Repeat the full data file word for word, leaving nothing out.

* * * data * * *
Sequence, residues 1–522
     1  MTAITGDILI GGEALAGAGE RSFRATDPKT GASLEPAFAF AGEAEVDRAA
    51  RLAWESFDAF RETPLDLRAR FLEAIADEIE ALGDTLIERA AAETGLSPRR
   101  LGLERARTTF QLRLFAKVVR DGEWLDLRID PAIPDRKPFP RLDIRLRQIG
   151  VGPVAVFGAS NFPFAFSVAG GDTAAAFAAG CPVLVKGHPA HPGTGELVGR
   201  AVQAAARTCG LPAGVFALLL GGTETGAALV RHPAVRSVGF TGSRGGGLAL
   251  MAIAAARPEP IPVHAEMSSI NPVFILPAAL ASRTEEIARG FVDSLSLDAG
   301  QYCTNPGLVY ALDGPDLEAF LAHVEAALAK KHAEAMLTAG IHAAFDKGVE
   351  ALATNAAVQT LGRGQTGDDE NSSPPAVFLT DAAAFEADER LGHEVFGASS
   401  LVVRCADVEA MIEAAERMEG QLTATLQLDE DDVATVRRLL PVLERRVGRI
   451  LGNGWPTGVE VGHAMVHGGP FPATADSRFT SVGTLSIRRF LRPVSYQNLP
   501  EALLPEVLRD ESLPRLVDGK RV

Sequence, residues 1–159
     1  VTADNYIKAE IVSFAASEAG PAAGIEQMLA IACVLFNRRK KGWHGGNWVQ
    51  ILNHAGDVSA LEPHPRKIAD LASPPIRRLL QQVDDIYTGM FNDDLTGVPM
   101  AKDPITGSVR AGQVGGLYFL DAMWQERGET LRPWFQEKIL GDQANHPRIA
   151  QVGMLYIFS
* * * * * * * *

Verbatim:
Sequence, residues 1–522
     1  MTAITGDILI GGEALAGAGE RSFRATDPKT GASLEPAFAF AGEAEVDRAA
    51  RLAWESFDAF RETPLDLRAR FLEAIADEIE ALGDTLIERA AAETGLSPRR
   101  LGLERARTTF QLRLFAKVVR DGEWLDLRID PAIPDRKPFP RLDIRLRQIG
   151  VGPVAVFGAS NFPFAFSVAG GDTAAAFAAG CPVLVKGHPA HPGTGELVGR
   201  AVQAAARTCG LPAGVFALLL GGTETGAALV RHPAVRSVGF TGSRGGGLAL
   251  MAIAAARPEP IPVHAEMSSI NPVFILPAAL ASRTEEIARG FVDSLSLDAG
   301  QYCTNPGLVY ALDGPDLEAF LAHVEAALAK KHAEAMLTAG IHAAFDKGVE
   351  ALATNAAVQT LGRGQTGDDE NSSPPAVFLT DAAAFEADER LGHEVFGASS
   401  LVVRCADVEA MIEAAERMEG QLTATLQLDE DDVATVRRLL PVLERRVGRI
   451  LGNGWPTGVE VGHAMVHGGP FPATADSRFT SVGTLSIRRF LRPVSYQNLP
   501  EALLPEVLRD ESLPRLVDGK RV

Sequence, residues 1–159
     1  VTADNYIKAE IVSFAASEAG PAAGIEQMLA IACVLFNRRK KGWHGGNWVQ
    51  ILNHAGDVSA LEPHPRKIAD LASPPIRRLL QQVDDIYTGM FNDDLTGVPM
   101  AKDPITGSVR AGQVGGLYFL DAMWQERGET LRPWFQEKIL GDQANHPRIA
   151  QVGMLYIFS